When it rains it pours, straight into the Waikato River. But it's not just rainwater that makes its way into the waterway. Daniel Adams reports.
Sewage spilled into the Waikato River system 138 times last year through overflowing pump stations connected to the stormwater network, often as a result of heavy rainfall.
The overflows, which dwarfed the twice-a-year average of similar cities, are revealed in a report presented today outlining the city's significant sewerage challenges.
While it is improving, Hamilton's wastewater network remains a sieve compared with other urban areas, prompting one river advocate to slam the record as "shameful".
The report also discusses compliance risks at the city's sewage treatment plant, where external technical expertise has been called in to assess how best to address issues.
The council faces sentencing next month for a spill there that leaked 112 cubic metres of effluent into the river, and may yet cost hundreds of thousands of dollars in fines.
The report warns continuing consent noncompliance for discharge quality from the plant into the river may lead to more enforcement action by the regional council.
Meanwhile, a proposal to pump sewage from another 18,000 people into the city's straining sewerage system via a major new pipeline from Cambridge continues to be floated.
City waters manager Tim Harty said the city's sewerage network, which includes about 140 pumping stations, was starting to improve in benchmarking against other cities.
"Essentially every one of those pump stations has an overflow and in times of heavy rainfall or pump failure the level can reach that point and overflow," Mr Harty said.
They will end up defaulting to the stormwater system, and we're not hiding the fact, that's a concern and we're trying to get out there and do as much as we possibly can."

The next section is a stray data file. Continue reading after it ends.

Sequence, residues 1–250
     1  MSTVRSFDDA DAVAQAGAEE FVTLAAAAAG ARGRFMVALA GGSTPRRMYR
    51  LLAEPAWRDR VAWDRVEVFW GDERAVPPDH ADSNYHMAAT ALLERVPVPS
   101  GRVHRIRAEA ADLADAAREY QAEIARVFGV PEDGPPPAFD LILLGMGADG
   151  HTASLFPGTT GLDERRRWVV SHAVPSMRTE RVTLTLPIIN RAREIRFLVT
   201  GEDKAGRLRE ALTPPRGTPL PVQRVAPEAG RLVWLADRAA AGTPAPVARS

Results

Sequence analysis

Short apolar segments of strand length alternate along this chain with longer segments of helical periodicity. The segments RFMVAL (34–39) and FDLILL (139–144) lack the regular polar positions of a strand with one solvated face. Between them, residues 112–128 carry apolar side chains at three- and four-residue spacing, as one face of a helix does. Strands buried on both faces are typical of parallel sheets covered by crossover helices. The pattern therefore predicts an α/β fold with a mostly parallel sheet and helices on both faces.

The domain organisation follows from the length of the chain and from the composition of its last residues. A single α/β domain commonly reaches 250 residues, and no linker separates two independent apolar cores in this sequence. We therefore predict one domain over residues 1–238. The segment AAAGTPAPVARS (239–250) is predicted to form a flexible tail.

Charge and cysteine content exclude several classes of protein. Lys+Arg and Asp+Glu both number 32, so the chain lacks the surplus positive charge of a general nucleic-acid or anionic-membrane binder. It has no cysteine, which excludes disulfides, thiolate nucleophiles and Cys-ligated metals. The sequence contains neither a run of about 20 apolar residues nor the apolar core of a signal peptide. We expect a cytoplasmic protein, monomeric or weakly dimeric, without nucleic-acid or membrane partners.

"Some cities do have pump stations with significant storage, we don't," he said.
Almost $20 million is built into new 10-year wastewater budgets to address the issues, with $4.3m for pump station investment to reduce overflows and $15.2m tagged for the treatment plant, funded by loans serviced with rates and developer contributions.
"We haven't had any issues in securing the funds to address it," Mr Harty said.
Former city council candidate and Green Party activist Mark Servian found the comparison startling and said piping Cambridge sewage to the city was "bizarre".
"I would give them some credit, we're finding out about this because they're reporting it, and their processes have turned it up. From that point of view it's good, but while this report describes the status quo, it doesn't explain how we came to be there.
"The figures for the overflows compared to Dunedin are shameful. Our house is not in order and Hamilton is not in a position to criticise anyone about the way they use the river, and that's a bad place for us to be as a city.
"You may be able to prove the scale of the overflows were a relatively small volume, but it demonstrates that it happens, and it's completely possible for it not to happen."
Mr Harty said the potential Cambridge sewage pipeline was still being investigated.
"That's certainly one of the options on the table, and the other is to upgrade the plant at Cambridge," Mr Harty said.
"It's prudent for both organisations to look at the best solutions for the communities involved.
"There's no point getting into the detail of 'what happens if it turns up', until we know for certain that it's going to turn up."
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